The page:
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Sail and mast boom for dugout canoe

Date: July - September 1988
Dimensions:
Overall: 2740 × 1590 × 50 mm, 7.9 kg
Medium: Calico, stringybark rope and hardwood
Credit Line: ANMM Collection
Classification:Vessels and fittings
Object Name: Boom
Object No: 00001831
Place Manufactured:Borroloola

User Terms

    Description
    Calico sail and hardwood mast boom for a dugout canoe. Made by Annie Karrakayn and Ida Ninganga from the Yanyuwa clan and Issac Walayunkuma from the Garrawa clan in Borroloola, Northern Territory, Australia.
    SignificanceIssac Walayunkuma, who was responsible fo the production of the mast and sail, is an experienced canoe maker who worked on canoes when they were constructed for traditional use. He became involved in the making of this canoe as part of his commitment to ensure that traditional Yanyuwa skills were recorded and handed on to future generations.
    HistoryThis canoe an its parts, was specifically commissioned by the Australian Maritime Museum in 1987 in an attempt to record and preserve a record of the tradition and methods of canoe construction in the Borroloola region.
    In keeping with Yanyuwa tradition the canoe is called 'Rra-Kalwanyimara', which can be translated literally as “the female one from Kalwanyi'. As Annie Karrakayn puts it: 'All the canoe got name... [from the] country where they come from'.
    The Yanyuwa history of canoe making is a good example of Aboriginal culture's quick response to change. Dugout, and later aluminium, canoes were readily adopted by the Yanyuwa as they were a better version of the bark canoes they already had. As such they represent cultural change very much on Yanyuwa terms. The use of dugout canoes allowed the Yanyuwa to exploit their environment in new ways. Resources such as bird and turtle eggs on isolated islands could be obtained and previous activities such as turtle and dugong hunting would have been both safer and more productive.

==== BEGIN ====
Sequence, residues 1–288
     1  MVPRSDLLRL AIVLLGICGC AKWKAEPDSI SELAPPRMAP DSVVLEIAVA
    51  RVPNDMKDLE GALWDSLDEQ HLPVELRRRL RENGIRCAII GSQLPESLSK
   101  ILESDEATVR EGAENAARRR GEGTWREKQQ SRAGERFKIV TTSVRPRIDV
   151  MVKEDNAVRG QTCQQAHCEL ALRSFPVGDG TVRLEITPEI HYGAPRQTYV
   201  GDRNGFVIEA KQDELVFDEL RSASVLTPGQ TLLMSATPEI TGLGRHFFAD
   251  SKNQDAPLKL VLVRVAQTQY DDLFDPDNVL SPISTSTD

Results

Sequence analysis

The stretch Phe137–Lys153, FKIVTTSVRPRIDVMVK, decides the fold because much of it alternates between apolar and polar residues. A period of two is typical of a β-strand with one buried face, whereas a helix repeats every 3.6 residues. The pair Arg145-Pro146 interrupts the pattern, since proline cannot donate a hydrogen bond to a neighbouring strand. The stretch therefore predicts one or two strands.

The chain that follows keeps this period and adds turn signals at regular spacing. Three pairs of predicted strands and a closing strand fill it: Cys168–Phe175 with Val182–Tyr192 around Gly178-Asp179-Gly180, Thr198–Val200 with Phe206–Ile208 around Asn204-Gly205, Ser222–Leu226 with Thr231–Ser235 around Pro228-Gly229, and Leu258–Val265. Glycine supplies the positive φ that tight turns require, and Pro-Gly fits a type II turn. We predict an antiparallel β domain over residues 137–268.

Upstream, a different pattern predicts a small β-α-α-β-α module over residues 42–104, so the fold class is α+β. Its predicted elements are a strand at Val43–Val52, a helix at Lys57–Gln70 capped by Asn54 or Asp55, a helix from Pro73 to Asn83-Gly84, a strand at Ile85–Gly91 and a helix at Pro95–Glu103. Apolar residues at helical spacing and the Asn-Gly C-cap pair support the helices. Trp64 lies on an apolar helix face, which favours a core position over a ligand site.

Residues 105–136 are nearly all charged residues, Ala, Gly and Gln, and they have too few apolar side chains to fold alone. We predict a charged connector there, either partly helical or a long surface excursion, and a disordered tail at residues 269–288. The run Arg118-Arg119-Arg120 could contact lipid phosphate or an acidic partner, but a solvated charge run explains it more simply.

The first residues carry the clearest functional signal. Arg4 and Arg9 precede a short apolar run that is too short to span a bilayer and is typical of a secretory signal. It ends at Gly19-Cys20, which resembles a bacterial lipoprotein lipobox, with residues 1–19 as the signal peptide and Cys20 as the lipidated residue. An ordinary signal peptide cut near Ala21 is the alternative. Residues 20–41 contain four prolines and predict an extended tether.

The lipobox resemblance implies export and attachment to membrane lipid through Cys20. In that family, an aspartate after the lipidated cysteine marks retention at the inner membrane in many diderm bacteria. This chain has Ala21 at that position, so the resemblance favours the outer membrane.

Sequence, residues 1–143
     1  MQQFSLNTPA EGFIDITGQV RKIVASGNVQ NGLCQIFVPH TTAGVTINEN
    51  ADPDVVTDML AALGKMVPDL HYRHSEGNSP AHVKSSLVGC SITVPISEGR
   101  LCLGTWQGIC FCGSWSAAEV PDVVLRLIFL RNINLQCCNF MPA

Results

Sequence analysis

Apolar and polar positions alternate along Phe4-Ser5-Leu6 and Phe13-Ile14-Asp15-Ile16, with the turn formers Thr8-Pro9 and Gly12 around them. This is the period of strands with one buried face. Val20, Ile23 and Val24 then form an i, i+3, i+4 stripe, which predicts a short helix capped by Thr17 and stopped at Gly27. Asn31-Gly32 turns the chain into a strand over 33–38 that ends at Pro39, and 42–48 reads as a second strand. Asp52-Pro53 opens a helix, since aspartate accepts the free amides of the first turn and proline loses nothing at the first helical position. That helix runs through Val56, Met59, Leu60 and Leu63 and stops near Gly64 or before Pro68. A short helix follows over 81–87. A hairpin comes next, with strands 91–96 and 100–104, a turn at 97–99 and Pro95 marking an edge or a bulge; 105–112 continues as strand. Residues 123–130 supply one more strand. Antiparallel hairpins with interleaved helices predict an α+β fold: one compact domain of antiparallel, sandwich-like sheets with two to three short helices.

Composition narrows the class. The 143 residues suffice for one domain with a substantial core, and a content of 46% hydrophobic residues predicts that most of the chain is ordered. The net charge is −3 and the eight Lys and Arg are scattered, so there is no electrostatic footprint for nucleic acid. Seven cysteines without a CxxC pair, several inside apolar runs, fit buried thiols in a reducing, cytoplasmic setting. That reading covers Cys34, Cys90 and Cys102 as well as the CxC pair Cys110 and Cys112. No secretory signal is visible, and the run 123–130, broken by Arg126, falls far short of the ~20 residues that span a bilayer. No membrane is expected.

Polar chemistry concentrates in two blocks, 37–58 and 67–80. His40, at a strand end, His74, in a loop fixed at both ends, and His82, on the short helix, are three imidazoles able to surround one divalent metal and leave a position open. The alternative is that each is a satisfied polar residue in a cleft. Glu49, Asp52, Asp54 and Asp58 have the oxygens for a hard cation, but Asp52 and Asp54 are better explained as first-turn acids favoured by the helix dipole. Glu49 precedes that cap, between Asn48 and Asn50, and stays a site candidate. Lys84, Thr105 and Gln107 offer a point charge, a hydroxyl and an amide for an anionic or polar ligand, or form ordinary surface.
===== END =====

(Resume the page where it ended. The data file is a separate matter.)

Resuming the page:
This canoe took around 720 hours to make and if in traditional use would last up to 2 - 5 years, soetimes less. It would take a lot of maintenance to keep the canoe in working order however and patching up leaks by using bark, ochre, mud and later metal tacks and tar was a constant. When aluminium canoes became available in the 1960's the move to them was inevitable and saw a decline in the production and thus knowledge of dugout canoe techniques.
    Prior to dugout canoes, bark canoes were made. However many advantages came with the introduction of the dugout.One was that they are sturdy enough to allow the erection of a mast and sail. As well as making the canoes faster and saving much effort in paddling, the sails added to the handling of canoes ."The anthropologist Donald Thomson, who made great use of both canoe types in his travels in northern Australia, notes that sails, "helped steady the craft in a following sea' . It should be noted, however, that sails of a sort were used in paperbark canoes. A number of people have described to me branches being put up in paperbark canoes as sails." (page 181, Barker, Richard. "Yanyuwa Canoe Making", Records of the South Australian Museum, 1988).

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